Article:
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Montevideo, February 20th 2019 - 07:33 UTC

Falklands economy main contributor is fishing industry: 34% of GDP in 2012

Monday, March 30th 2015 - 07:13 UTC
Full article 3 comments
Fishing licence fees are typically the biggest single source of government revenues, besides non-regular corporate tax revenues relating to hydrocarbons Fishing licence fees are typically the biggest single source of government revenues, besides non-regular corporate tax revenues relating to hydrocarbons
Squid consisting of Falkland’s calamari (loligo) and illex makes up most of the fisheries catch in volume and value. Squid consisting of Falkland’s calamari (loligo) and illex makes up most of the fisheries catch in volume and value.
Apart from squid, various species of finfish is also caught, rock cod, hake, hoki, and toothfish being the most important in terms of value. Apart from squid, various species of finfish is also caught, rock cod, hake, hoki, and toothfish being the most important in terms of value.

Measured by GDP, fishing is the most important industry in the Falkland Islands and in 2012 contributed 34% to GDP, according to the State of the Falklands Economy report from the FIG Policy Unit.

 However its significance does not translate to similar levels of employment onshore. Almost all of the crews working on the shipping vessels come from other countries and in 2012 only 58 Falkland Islands residents considered Fishing as their primary employment.

The Falkland Islands fishing fleet is mostly owned by joint ventures between Falkland Island companies and foreign owners. Completely foreign owned vessels, particularly jiggers, also operate in Falkland Islands waters. Therefore, a considerable share of the benefits of fishing goes to actors outside the Islands.

Nevertheless, the Islands also benefit from fishing in many ways. Fishing licence fees are typically the biggest single source of Falklands' government revenues, apart from non-regular corporate tax revenues relating to hydrocarbons farm-in deals.

The licences have generated between £10 and £30 million per annum since first charged in 1987. Fishing companies are also considerable contributors to corporate tax revenues, about £1-4 million per year which typically means 30-45 per cent of total corporate tax collected. On top of these there are indirect benefits to the onshore economy through the goods and services fishing fleets acquire locally.

Squid consisting of Falkland’s calamari (loligo) and illex makes up most of the fisheries catch in volume and value. Illex, which is mostly caught by South Korean and Taiwanese jiggers, has had huge variations in annual catch from practically none to over 100,000 tons in past years. Falklands calamari which is normally sent to Spain is much more stable.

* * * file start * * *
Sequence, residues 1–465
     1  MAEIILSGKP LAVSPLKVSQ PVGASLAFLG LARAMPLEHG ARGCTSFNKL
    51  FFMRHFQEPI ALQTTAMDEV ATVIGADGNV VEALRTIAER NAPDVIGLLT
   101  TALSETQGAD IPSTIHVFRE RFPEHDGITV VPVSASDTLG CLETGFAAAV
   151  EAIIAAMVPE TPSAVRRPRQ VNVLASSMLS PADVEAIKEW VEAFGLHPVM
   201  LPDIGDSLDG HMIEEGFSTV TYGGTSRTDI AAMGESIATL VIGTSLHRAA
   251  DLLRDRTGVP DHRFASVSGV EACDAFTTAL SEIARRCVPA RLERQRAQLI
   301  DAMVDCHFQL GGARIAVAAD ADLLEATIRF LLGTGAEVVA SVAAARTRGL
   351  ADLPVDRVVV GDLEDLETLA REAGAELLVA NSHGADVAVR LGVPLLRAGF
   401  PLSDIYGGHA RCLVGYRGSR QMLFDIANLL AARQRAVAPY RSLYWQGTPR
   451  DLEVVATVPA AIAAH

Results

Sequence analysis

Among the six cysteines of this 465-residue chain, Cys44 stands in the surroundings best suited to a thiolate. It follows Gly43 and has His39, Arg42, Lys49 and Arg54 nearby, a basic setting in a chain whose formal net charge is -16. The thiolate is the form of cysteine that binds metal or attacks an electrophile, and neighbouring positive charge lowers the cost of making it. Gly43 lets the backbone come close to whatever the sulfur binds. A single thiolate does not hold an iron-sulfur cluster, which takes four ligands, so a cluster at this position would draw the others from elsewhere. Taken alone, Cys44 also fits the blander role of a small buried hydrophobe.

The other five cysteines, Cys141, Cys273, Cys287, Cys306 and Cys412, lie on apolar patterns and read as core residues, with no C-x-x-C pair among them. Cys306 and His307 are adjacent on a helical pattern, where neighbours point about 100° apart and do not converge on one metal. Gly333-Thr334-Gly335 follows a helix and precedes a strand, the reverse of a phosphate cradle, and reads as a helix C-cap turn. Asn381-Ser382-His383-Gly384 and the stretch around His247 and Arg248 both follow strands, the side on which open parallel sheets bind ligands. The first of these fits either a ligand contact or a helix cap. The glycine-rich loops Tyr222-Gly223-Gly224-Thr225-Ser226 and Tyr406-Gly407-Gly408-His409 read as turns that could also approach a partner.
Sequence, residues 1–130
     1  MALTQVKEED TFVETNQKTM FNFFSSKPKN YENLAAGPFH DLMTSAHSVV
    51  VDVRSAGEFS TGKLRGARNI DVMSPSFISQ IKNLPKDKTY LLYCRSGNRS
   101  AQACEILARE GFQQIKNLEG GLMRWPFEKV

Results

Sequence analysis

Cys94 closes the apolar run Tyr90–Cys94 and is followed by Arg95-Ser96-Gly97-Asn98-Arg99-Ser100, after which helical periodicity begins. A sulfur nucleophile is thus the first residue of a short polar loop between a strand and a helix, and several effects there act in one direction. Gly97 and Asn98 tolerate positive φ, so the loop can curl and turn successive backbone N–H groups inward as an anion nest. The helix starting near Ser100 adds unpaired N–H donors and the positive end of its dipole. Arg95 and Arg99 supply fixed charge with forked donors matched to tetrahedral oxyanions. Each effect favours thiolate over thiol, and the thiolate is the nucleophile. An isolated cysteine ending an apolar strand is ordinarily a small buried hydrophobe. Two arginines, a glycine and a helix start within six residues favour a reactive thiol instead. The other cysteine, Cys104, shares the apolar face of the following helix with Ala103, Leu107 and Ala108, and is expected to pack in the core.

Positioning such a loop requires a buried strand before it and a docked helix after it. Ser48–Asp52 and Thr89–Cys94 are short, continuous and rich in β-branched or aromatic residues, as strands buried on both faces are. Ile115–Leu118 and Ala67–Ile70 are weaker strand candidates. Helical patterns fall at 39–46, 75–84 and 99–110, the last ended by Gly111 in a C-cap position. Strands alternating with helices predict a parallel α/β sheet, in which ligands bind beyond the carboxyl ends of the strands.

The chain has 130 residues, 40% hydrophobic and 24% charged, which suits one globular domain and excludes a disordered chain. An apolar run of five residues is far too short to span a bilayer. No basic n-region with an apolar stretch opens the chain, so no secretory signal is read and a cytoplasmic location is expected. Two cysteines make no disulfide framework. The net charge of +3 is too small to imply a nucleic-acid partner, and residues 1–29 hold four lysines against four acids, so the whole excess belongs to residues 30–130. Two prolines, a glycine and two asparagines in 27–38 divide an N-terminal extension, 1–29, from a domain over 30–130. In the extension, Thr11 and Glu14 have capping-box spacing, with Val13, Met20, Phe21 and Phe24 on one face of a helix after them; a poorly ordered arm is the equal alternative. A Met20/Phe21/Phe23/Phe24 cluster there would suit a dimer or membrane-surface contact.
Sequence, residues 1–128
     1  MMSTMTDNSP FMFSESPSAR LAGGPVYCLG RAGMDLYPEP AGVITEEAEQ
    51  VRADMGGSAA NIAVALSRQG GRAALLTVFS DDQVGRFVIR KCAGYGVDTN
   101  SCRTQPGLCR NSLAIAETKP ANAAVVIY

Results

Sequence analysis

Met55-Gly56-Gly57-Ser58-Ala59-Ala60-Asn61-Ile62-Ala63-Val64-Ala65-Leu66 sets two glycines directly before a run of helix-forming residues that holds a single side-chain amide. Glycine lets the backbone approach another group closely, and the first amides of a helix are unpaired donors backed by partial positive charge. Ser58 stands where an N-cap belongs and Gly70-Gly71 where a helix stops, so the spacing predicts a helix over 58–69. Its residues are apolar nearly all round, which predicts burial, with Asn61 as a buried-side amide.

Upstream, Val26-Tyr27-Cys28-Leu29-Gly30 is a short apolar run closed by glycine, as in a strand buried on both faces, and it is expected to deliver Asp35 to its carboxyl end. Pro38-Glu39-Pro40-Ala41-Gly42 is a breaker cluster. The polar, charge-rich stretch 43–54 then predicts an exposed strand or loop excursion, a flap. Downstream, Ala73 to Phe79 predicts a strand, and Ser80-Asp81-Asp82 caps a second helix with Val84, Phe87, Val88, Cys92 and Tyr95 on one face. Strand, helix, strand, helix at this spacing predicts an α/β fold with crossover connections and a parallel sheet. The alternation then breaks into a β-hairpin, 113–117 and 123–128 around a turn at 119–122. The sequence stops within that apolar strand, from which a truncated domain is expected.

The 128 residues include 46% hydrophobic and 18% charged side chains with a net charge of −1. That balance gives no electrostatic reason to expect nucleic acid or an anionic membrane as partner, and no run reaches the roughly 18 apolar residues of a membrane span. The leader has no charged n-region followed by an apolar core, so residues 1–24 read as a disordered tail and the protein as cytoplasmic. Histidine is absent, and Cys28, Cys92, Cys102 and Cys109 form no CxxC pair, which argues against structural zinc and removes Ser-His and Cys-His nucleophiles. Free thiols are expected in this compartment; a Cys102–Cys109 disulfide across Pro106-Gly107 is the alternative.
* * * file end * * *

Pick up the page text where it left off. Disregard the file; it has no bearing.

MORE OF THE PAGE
Apart from squid, various species of finfish is also caught, rock cod, hake, hoki, and toothfish being the most important in terms of value. Toothfish, although caught in relatively small volumes compared to squid is highly valuable and its world market price has been increasing quickly over the past ten years.

Toothfish and Falkland’s calamari are the only export products where the Falkland Islands have a considerable share of the world market. According FAO data Falklands’ market share in 2011 was 8% of toothfish and 13% of loligo species’12 globally traded volume (FAO, 2014). Loligo market shares have been declining after being over 40% in 2003.

Aquaculture shows great potential in the Islands but has been small scale so far. Funded by a Falklands' government grant, SAERI are now examining the potential for the sustainable, commercial exploitation of a greater range of inshore marine resources.

Top Comments

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  • ChrisR

    As long as the argies can be deterred from poaching in FI waters everything will be alright.

    Bigger patrol vessels with 50 cal BMG machine guns will see them off, cowards that they are.

    Mar 30th, 2015 - 11:25 am 0
  • Pete Bog

    And a wooden silhouette of a submarine conning tower on the patrol vessel will produce bad consequences in their pants.

    Mar 30th, 2015 - 11:46 pm 0
  • ilsen

    @2 Pete Bog
    They have pants now?

    Wow! They are coming on in leaps and bounds! Maybe La Campora will start walking upright next?

    It wasn't too long ago that they didn't have shirts...
    (descamisado, (Spanish: “shirtless one”), in Argentine history, during the regime of Juan Perón (ruled 1946–55, 1973–74), any of the impoverished and underprivileged Argentine workers who were Perón’s chief supporters. http://www.britannica.com/EBchecked/topic/158778/descamisado)

    Imagine, in another 50 years they might even have a full set of clothes!

    *bad ilsen, bad. Berates self*
    ;-)

    Mar 31st, 2015 - 12:22 am 0
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